But a fraction of a second is not enough to spoil our dream of a race between Speedy Scot and Overtrick. They are about as even in speed potential as horses can be, and we are already letting our thoughts roam over niceties of position and strategy: the advantage of having the rail, whether there would be an all-out sprint from the gate or whether Drivers Ralph Baldwin and Johnny Patterson would play it cool for three-quarters, then put on a save-the-fortress charge. Such a contest need not be just a dream. We warmly recommend that it be made possible.
WHAT'S GOOD FOR FLORIDA
Although jai alai exists handsomely in Florida, it is played nowhere else in the U.S. The Basque game—something like handball except that the players use a long, curved basket called a cesta to carom a hard ball off three concrete walls—is nothing much to watch, for all its speed, unless you have a bet down. It has been tried without legalized gambling in cities like New York, Chicago and Boston, drew curious crowds briefly, and expired.
Now a new crusader, Jack I. Goldner, a Manhattan dress manufacturer, has formed the Knickerbocker Jai-Lai Fronton Corporation and, after misspelling the name of the game, is seeking to win for it the same gambling privileges horse racing enjoys. It will, he asserted at a preliminary meeting, be a tourist attraction, a new industry and a new source of revenue. There are six jai alai frontons (arenas) in Florida, he said. Last season they drew well over 1 million bettors who wagered $41 million, of which the state, claiming better than 5% of the action, got some $2 million. Translating Florida figures into a hypothetical New York situation, Goldner concluded that the state would realize a gorgeous $24 million in extra revenue, something New York politicians have been looking for most eagerly of late.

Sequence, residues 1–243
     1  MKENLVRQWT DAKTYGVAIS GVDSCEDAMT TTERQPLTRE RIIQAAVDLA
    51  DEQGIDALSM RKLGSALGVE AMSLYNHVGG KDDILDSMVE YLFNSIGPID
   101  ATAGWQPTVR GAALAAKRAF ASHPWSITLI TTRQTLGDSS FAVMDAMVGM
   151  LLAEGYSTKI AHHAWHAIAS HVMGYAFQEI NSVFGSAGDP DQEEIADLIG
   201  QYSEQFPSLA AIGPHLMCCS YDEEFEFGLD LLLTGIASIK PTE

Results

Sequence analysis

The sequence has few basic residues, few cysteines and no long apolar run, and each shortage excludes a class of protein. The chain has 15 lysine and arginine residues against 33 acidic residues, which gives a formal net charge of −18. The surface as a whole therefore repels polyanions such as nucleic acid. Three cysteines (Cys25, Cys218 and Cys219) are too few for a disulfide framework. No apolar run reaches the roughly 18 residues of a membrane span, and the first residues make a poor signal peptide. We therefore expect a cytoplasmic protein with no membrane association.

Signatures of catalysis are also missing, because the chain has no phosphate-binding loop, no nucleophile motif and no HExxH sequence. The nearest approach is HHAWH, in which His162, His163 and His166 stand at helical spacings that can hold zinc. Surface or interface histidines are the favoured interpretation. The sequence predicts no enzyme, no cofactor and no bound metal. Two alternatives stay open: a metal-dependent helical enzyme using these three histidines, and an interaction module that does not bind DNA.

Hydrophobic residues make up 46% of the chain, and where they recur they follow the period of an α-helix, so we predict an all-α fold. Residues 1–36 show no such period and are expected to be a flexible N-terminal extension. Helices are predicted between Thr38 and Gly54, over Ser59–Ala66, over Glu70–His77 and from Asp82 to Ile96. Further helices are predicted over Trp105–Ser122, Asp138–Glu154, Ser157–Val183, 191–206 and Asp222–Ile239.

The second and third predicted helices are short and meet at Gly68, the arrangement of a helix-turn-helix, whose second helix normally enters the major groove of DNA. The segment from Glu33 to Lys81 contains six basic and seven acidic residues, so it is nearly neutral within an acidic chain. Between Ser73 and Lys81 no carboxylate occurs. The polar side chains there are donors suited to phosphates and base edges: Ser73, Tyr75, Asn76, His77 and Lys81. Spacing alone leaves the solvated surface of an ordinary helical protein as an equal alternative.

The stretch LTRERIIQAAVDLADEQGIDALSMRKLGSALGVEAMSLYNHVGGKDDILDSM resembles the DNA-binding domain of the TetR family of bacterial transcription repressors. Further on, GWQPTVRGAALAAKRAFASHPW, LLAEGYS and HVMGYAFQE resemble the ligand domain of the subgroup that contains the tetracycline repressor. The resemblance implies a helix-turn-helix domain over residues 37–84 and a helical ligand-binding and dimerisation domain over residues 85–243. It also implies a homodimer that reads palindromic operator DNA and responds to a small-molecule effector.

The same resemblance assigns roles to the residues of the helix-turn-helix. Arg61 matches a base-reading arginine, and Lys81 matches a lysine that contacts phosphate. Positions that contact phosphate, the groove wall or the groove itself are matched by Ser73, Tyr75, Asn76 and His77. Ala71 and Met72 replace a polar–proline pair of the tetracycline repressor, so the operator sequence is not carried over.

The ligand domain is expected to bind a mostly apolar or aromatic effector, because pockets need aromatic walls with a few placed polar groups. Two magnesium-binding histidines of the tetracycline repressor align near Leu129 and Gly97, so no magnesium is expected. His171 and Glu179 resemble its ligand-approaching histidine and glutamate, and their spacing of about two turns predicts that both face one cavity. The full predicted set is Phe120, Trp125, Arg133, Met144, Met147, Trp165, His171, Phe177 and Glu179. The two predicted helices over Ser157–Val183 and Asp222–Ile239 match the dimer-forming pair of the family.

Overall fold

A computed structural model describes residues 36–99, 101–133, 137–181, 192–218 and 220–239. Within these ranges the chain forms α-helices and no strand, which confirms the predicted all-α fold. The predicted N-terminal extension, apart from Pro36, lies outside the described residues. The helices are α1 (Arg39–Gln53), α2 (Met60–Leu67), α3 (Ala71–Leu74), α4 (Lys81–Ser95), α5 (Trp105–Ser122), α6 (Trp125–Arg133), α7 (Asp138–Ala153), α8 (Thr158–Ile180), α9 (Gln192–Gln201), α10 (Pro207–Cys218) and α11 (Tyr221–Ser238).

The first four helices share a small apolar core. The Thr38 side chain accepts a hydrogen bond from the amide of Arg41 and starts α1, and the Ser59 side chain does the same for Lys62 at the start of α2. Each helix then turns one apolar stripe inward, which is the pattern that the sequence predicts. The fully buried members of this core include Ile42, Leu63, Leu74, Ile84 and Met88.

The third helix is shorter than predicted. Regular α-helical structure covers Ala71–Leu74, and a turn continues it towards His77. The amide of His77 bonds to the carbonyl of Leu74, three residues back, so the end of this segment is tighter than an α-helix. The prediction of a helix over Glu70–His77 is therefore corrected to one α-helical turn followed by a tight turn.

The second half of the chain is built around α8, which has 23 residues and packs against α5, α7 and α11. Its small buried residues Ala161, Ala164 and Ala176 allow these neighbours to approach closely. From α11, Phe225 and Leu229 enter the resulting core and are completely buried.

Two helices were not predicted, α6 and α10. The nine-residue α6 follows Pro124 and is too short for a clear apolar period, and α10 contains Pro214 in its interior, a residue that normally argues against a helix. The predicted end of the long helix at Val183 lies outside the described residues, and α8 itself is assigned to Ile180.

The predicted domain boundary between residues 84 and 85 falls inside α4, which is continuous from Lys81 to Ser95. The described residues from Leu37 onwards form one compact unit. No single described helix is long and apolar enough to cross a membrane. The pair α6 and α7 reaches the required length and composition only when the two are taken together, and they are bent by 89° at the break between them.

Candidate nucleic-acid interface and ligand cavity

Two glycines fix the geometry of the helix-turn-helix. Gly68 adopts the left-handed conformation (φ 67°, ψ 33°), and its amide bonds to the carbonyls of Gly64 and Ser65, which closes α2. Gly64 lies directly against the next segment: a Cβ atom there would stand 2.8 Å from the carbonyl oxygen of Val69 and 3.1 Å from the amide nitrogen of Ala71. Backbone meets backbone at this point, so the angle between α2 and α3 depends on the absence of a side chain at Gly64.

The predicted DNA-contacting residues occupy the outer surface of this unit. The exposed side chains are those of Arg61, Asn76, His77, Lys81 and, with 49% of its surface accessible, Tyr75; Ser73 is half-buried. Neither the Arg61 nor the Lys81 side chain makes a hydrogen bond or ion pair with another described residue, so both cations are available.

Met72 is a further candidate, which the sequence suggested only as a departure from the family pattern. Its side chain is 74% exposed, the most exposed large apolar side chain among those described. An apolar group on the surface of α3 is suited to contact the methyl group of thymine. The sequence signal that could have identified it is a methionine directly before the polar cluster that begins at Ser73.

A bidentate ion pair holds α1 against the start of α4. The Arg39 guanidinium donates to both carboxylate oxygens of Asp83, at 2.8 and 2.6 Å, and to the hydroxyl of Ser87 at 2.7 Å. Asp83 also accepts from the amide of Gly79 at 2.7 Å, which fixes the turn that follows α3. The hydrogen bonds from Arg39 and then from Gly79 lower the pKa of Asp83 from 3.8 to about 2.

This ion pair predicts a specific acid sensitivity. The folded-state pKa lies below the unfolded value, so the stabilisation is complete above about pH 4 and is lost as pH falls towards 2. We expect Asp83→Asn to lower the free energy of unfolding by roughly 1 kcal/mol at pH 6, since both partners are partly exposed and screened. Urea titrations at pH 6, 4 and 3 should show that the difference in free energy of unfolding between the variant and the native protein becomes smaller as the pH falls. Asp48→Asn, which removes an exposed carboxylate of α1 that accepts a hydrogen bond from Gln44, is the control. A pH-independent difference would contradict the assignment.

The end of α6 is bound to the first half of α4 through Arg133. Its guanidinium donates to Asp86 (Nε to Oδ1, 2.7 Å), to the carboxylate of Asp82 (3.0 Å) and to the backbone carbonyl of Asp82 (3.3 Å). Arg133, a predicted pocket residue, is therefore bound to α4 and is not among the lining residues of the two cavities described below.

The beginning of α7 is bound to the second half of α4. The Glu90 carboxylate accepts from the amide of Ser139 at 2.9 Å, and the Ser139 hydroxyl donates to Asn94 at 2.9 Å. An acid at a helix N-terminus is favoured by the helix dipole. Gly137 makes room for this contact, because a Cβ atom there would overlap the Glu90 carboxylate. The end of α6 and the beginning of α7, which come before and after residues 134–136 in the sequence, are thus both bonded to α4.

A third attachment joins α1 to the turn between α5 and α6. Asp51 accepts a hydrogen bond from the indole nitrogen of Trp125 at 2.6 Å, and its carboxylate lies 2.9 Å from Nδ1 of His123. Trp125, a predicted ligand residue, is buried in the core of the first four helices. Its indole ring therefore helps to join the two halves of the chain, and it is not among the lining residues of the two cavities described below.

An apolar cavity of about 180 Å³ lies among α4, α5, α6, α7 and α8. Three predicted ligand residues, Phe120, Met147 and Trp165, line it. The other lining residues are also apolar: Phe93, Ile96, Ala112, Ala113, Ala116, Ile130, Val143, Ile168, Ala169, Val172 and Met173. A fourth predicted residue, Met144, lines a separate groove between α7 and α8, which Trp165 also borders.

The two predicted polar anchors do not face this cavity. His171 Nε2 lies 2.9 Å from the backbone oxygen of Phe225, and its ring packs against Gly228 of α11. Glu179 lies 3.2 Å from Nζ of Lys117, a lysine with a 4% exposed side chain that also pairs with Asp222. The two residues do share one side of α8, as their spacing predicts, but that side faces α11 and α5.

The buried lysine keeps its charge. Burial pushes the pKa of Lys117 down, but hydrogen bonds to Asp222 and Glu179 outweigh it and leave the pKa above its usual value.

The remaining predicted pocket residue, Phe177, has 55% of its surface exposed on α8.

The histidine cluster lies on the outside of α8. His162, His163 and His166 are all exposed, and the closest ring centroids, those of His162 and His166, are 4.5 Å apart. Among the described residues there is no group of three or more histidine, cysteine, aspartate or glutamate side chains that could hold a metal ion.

There will, to be sure, be opposition from the horse racing interests, who want the pari-mutuels all to themselves, but Goldner is confident that no politician can pass up the kind of money he is dangling.
LOSER, SPARE THOSE SPARERIBS!
Norm Gerdeman, Houston Colt steward, and his wife Evelyn pride themselves on setting a fine table for visiting ball clubs. Instead of crackers and peanut butter, they provide such delicacies as barbecued spareribs, gravied chicken, corn, cucumbers, cantaloupe and other delights ballplayers make for avidly, win or lose, after a game. The players appreciate the succulent stuff, but losing managers do not.
After the Cincinnati Reds lost to the Colt .45s, Manager Fred Hutchinson watched his hungry players forget their loss and rush from the field to the victuals. "Run, you—— —— ——," he shouted, "run! That's all you think about, getting your bellies full." The players kept on running.
Then Gene Mauch, Phillie manager, watched in disgust as his team lost in the ninth inning to the Colts, a game that could have kept them in fourth place and maintained hopes of a share of World Series money if they had been as eager for hits as they were for spareribs. When Mauch found the team munching on the Gerdeman goodies, he rushed to the table, upturned it and sent spare-ribs and chicken with gravy over walls and ceiling and onto the expensive suits of Wes Covington and Tony Gonzalez. "Little Leaguers!" he called the players, among less decorous epithets.
The Gerdemans, contemplating the mess, sighed that it was bound to happen sooner or later, but they may have to go to stainless food if it keeps up.